Bill of Materials

In Fishbowl Manufacturing®, the Bill of Materials module allows you to generate formulas, recipes, and lists of parts that will be used in the manufacturing process. A bill of materials is essentially a guide that walks you through everything, from parts to labor, which is required to manufacture an item. There are four main types of jobs that a bill of materials can be used for:

  • Manufacture
  • Maintenance
  • Disassemble
  • Repair

Let’s explore what these are in greater detail.


This is the standard type of manufacturing job where you take a variety of parts and put them together to create a finished product. It can be incredibly simple or it can involve multiple steps or production stages that have to be completed in a specific order to produce the desired results.


Every now and then a vehicle’s tire treads wear out or another part simply fails to function at the optimal level, so it’s time to swap it out or otherwise rejuvenate it. That’s what the Maintenance option is for.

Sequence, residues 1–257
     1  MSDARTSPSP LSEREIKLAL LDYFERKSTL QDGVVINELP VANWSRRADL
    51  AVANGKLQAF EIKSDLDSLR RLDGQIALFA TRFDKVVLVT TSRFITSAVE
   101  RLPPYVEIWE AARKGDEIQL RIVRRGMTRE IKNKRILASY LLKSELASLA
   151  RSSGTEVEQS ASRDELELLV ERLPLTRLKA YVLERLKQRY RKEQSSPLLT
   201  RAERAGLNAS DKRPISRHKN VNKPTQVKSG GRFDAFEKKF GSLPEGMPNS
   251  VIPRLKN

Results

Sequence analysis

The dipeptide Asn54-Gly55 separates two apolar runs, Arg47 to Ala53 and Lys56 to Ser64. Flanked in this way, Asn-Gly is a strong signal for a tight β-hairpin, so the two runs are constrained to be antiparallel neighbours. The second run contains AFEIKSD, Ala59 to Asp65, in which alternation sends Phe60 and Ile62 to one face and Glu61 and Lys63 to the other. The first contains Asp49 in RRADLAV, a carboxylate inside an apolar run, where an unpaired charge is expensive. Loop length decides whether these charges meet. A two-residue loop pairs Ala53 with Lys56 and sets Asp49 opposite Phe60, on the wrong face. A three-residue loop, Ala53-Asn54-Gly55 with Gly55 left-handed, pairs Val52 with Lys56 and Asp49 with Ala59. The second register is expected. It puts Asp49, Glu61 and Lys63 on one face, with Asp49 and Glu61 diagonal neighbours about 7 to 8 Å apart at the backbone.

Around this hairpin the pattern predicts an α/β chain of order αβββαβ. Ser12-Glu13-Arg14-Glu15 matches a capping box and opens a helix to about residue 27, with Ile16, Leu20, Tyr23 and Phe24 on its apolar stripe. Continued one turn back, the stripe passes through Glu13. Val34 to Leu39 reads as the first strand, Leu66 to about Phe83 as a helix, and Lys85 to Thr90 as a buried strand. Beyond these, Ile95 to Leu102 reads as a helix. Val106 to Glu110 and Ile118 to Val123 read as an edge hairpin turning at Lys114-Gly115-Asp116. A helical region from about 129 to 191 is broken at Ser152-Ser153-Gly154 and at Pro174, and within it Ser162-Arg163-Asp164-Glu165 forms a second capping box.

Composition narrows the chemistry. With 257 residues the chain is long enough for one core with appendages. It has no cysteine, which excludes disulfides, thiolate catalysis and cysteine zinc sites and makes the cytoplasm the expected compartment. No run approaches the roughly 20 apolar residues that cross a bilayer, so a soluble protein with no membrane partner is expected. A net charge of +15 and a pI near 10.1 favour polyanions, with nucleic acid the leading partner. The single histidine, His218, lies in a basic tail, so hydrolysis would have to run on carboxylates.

This is the complete opposite of the Manufacture option. Disassembling a finished product involves undoing all of the work done in the manufacturing process and ending up with a bunch of separate parts. This is hard to do when it comes to cakes and other food items, but it makes sense for machines and electronic devices.


Repairing an item means the item itself remains intact, but it will have time and possibly materials poured into it to bring it back to its proper condition. You can add labor costs and other intangible costs to a bill of materials so that even if a part isn’t consumed in the course of a repair, there will still be an increase in its overall cost reflected by the addition of other costs to it.

Bill of Materials

No matter what kind of manufacturing job you’re attempting to perform, you can find a way to do it with Fishbowl Manufacturing’s many bill of materials options. Now we’ll dig deeper into the Bill of Materials module to show what it is capable of.